Saturday, June 20, 2009
my new rack
Warning: This post may contain too much information for some readers.
I have not worn a prosthesis for more than two years. Lymphedema and then scarring from radiation made the experience of wearing it excruciating. The last time I tried to wear it, I was on a date with my spouse in Florida. After an hour, I was in tears, it hurt so much.
Out it came and I haven't looked back.
At least not much.
I find that I'm pretty comfortable without a prosthesis. Sometimes I dress to camouflage and others I just don't care. And most of the time, I don't think about it at all.
Lately, though, I've wanted the chance to blend in a little more, to not have to lead with my cancer when I meet people. And although I have some great tops that work with my asymmetrical body, (from Rhea Belle, of course) I do get tired of the limited options open to me (it's hard enough finding funky clothes in larger sizes).
So, while feeling slightly guilty about giving into societal notions of beauty (in hiding my asymmetry, am I implying that I think there is something wrong with it?), I set out to visit Kelly's Mastectomy Boutique.
The entire operation took all of ten minutes ("Oh look! Boobs!" I exclaimed as I tried on prosthesis and bra) and cost several hundreds of dollars (recuperable, thanks to the government and my insurance plan. I wonder though, why do we need a referral from a doctor? Does anyone get a prosthesis for fun? What would they do with it?). I brought it home, stuck it in my closet and didn't wear it for almost a week.
Yesterday, I decided it was time for the prosthetic equivalent of a test drive. I was meeting Sassymonkey for pints and knitting on a sunny patio. It seemed like a low stakes endeavour, in that if I arrived with my boobs pointing in different directions, Sassymonkey was likely to be unperturbed. It was also a good opportunity to put the boob through it's paces, as I would be biking, knitting, eating, sitting in the warm sun and engaging in a social encounter.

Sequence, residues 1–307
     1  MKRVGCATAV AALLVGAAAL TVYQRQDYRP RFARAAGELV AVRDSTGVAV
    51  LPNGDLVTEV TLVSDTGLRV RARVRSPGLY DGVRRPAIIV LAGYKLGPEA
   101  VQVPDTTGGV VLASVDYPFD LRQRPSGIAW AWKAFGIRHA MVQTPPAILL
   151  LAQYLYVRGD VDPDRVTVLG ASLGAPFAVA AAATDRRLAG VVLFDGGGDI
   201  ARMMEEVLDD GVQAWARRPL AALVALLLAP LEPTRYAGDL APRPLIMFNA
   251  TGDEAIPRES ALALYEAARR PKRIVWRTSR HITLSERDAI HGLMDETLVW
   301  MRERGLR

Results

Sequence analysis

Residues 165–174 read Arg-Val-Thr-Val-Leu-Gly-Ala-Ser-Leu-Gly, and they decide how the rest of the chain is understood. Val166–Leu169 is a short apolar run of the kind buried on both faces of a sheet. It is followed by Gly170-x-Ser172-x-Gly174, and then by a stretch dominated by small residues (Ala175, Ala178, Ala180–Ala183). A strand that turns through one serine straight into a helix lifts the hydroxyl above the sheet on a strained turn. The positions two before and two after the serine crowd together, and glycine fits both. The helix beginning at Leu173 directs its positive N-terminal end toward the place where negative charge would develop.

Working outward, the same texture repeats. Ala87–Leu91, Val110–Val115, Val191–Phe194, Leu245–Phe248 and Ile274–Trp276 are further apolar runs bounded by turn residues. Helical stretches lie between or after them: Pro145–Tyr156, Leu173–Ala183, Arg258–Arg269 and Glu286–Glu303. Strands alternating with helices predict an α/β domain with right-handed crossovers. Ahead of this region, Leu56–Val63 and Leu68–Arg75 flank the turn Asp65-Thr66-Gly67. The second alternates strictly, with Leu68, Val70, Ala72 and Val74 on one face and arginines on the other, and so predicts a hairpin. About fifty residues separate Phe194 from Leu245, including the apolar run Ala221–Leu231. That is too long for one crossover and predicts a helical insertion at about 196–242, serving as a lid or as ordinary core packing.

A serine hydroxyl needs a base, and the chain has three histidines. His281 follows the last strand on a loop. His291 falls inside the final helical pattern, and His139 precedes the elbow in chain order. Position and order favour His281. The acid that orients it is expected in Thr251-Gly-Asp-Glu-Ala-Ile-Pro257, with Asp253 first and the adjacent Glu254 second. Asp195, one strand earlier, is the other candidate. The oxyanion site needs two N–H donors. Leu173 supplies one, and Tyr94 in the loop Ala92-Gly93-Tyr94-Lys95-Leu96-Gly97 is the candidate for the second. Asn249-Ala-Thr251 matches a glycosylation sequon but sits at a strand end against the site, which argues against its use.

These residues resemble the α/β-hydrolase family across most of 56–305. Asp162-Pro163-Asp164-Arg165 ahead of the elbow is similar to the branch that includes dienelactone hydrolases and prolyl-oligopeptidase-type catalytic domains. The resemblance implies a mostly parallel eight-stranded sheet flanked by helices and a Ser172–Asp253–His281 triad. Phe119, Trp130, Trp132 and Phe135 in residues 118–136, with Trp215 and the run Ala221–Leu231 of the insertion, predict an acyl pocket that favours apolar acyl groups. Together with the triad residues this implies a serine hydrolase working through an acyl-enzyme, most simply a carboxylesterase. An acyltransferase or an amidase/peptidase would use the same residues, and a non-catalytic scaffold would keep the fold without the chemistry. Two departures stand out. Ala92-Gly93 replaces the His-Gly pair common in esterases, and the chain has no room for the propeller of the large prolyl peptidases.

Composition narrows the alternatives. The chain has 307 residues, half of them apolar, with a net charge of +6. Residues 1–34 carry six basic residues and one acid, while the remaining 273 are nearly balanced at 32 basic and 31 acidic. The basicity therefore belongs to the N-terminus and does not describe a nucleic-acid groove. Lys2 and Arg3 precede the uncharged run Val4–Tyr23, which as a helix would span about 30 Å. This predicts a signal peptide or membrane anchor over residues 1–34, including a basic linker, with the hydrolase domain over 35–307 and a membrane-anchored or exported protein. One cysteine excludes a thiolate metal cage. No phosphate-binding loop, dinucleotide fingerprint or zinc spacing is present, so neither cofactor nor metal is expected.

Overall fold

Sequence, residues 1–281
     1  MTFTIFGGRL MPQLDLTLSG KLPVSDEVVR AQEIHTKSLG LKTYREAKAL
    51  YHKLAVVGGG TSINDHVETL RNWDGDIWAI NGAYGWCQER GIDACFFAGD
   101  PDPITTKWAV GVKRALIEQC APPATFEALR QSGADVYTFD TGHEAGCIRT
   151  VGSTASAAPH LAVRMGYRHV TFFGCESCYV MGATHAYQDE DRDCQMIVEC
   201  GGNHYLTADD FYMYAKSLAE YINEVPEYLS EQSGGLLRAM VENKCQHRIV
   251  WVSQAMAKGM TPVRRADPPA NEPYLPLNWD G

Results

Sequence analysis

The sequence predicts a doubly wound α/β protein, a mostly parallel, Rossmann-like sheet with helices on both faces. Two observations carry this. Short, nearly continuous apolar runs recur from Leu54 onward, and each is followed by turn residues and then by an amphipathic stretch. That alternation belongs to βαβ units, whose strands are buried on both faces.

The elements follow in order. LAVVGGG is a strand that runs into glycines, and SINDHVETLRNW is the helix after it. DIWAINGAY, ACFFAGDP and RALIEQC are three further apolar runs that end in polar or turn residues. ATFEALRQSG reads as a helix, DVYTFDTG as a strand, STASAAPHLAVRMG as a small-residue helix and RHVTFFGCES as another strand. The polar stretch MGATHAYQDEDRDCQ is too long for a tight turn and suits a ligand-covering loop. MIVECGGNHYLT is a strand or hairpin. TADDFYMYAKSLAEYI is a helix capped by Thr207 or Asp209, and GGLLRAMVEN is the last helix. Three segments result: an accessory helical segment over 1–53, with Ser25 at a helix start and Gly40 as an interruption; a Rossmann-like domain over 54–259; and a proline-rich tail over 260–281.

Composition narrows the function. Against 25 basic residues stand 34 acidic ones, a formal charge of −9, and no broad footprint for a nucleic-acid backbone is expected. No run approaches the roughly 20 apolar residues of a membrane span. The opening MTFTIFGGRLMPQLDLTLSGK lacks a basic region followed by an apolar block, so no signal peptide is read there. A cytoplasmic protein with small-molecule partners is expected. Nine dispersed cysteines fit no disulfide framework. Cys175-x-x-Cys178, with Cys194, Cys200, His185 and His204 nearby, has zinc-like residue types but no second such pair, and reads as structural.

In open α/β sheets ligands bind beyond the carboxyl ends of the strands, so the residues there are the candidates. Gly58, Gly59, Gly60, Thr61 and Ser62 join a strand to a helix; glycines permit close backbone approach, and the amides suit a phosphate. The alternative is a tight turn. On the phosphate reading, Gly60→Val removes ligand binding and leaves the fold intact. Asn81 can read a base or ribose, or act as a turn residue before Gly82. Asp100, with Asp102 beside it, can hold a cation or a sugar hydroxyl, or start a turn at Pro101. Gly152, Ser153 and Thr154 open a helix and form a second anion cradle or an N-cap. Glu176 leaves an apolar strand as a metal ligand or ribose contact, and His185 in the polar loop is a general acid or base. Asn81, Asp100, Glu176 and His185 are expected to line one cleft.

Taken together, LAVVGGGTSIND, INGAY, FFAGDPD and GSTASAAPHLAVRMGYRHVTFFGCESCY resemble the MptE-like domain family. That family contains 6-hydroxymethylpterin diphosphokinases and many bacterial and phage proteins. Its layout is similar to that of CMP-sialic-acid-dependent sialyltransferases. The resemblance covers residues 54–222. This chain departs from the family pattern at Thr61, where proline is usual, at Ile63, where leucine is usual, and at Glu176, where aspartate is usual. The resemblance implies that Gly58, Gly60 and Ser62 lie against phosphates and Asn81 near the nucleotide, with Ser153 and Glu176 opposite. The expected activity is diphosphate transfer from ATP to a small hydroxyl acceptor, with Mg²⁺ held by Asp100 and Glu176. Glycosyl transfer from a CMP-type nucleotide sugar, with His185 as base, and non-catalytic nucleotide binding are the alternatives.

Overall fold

My new fake boob is squishier in back and is supposed to be lighter - better for both my uneven chest wall and lymphedema. I wore it under a t-shirt with a picture on it (much harder to wear with an uneven chest) and one that is slightly snugger than I have been wearing lately. I noticed immediately that my waist, gone for ages, seemed to reappear. I also noticed that my posture seemed to improve.
I ran into someone I knew on my way to the pub. She said, "You look different. Have you done something to your hair?"
And after Sassymonkey and I had been sitting for a while, I pointed out my newly symmetrical rack to her. "That's what's different!" she exclaimed.
"You'd tell me if I were unbalanced right?" She assure me that she would (I felt unbalanced, I'm so unused to having this weird mound on the right side of my chest).
All in all, I declare the outing a success. The thing felt odd but there was no pain. I even forgot I was wearing it for a while.
When Sassymonkey and I parted we hugged goodbye (I later repeated this experience with T. Hugging feels very odd, like we are squishing a big pillow between us) and she noted, "You're still balanced."
I said I was glad but that I was going to take it off when I got home. "It's like breaking in a pair of shoes, you know?"
She said that she did.
As I type this, the stand-in for my right boob is nestled in it's box in my closet. I am toying with taking it out for a spin again this evening.
And one last thing: there needs to be more support and encouragement of women who create clothing for the post-mastectomy body. Also, it would be great if the bigger clothing companies would come across, by supporting the work of women like Jacqueline and modifying their own designs. I can't be the only woman who has had a mastectomy, does not love prosthesis and cannot/would not choose surgical reconstruction.